Yes..If you’ve read Dame Agatha Christie’s 1934 novel “MURDER ON THE ORIENT EXPRESS” or have seen the 1974 version you know the storyline. If not, or like me, couldn’t remember all of it – what’s left to deal with then, is how well this one is done and of course the big ‘whodunnit’ reveal at the end.

The story of master detective Hercule Poirot (Kenneth Branagh) who is hoping for a break after numerous years of solving cases, jumps onboard The Orient Express thanks to friend Bouc (Tom Bateman) who was able to secure him this spot. While onboard, Poirot ends up having to solve a murder committed while traveling with 12 other passengers on The Orient Ecpress – a train that made traveling in style from West-East axis and back again, very popular.

Director and lead actor Branagh takes on the popular story, with a nod to nostalgia in three ways. First, the flair of the train travel at that time, which was associated with adventure, pleasure and discovery, must be brought back to life. Second, the charm of the detective-witty inquiry that the character is closely linked to that era. And thirdly, a remake must also pay homage to the original film and the book itself, because Agatha Christie stories are still hugely popular and it’s 1974 version brought much critical and acting acclaim. Thus, Branagh with his well-known cast, recognizes this and with a good but alas not perfect effort, tries to retain that feel. Its highlights include dazzling production design, period costumes and of course I would be remiss to not mention the highly distracting signature moustache! The opening portion of the train journey is spent as you would expect – introducing us the characters on the train. But it’s the last 30 minutes of the film where the detective really gets into why each character is there and what part they play in the film which make that the most interesting part of the film.

Branagh as Poirot, does a fine job mixing in the brilliant detective with the comedic, witty sarcasm the character is known for. It’s always a kick to see Dame Judi Dench, here as Russian Princess Dragomiroff, and the wonderful Olivia Coleman (one of my personal favourites) as her besieged maid, Hildegarde Schmidt. But they have literally nothing to do and are almost shamefully underused. Leslie Odom, Jr. as Dr. Arbuthnot is the racial switch in the casting – as Sean Connery had the role in the 1974 film – shows welcome daring for a remake that plays things stodgily by the book.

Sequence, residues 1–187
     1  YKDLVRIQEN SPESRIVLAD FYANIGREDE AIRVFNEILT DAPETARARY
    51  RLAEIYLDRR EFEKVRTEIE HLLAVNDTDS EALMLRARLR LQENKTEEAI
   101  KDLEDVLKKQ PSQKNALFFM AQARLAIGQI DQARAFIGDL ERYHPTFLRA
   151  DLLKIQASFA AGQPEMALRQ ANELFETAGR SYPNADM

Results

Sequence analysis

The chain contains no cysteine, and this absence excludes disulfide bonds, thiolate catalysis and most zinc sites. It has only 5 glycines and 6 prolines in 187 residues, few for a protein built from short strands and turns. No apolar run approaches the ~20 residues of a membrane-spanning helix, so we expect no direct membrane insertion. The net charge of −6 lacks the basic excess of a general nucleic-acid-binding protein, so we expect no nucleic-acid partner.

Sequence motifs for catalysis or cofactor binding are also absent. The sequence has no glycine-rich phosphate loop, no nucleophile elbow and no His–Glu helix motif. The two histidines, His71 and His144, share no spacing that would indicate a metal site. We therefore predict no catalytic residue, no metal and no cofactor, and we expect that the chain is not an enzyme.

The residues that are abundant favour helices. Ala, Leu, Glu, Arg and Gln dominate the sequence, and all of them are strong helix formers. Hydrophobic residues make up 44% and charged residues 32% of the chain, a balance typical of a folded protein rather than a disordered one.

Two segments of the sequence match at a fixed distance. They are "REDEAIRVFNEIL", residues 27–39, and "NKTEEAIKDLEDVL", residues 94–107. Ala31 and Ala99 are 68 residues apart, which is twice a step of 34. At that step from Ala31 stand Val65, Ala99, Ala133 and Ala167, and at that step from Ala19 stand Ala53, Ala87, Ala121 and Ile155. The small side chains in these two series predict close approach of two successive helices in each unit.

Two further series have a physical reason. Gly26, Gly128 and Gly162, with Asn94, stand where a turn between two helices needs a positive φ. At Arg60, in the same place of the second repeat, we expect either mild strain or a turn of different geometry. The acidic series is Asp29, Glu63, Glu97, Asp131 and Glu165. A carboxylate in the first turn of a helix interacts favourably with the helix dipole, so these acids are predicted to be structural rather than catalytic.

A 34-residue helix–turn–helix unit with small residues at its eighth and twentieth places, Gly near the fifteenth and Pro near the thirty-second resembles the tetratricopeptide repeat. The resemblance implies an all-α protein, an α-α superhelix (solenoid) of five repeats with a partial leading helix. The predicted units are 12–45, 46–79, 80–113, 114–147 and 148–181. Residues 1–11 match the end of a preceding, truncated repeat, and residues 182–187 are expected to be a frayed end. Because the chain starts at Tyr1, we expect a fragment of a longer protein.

Michelle Pfeiffer shines in perhaps the meatiest – certainly the cheekiest – role as Caroline Hubbard, but those such as Daisy Ridley as Miss Mary Debenham shows that even her secret relationship with another passenger can’t give Ridley’s character enough boost to make it stand out as much as Pfeiffer does with her role – though both of these characters have a bigger chunk of the many supporting roles. Derek Jacobi as Edward Masterman & Willem Dafoe as ‘Austrian scientist’ Gerhard Hardman, both have secrets but can’t help but appear simply there for the ride. There’s a decent dramatic turn from Josh Gad as Hector MacQueen, though it might be because you only know his work as a comedian so his drama performance get a tick of notice. Also underused are Lucy Boynton and Sergei Polunin as Count & Countess Andrenyi who have a brilliant scene with Branagh but never really do anything else. Johnny Depp plays that typical smarmy-charmy type crook here which completely works for his character Edward Ratchett. Penelope Cruz on the other hand, has it worse as the religious introvert Pilar Estravados. It hard as I always find her work to be sub-par in English movies as she excels so well in the Spanish ones, I end up feeling a bit of a let down by them and here she is barely a blip on the Orient Express. So for all the resplendence of this cast, it’s hard not to feel that Branagh isn’t really pushing any of them to work.

Conclusion: Branagh’s staging of this famous crime thriller tries to do justice to the charm and the time-frame of the original with visual charms, a well-known cast and a little humor. However, this succeeds less convincingly than hoped.

Grade: C+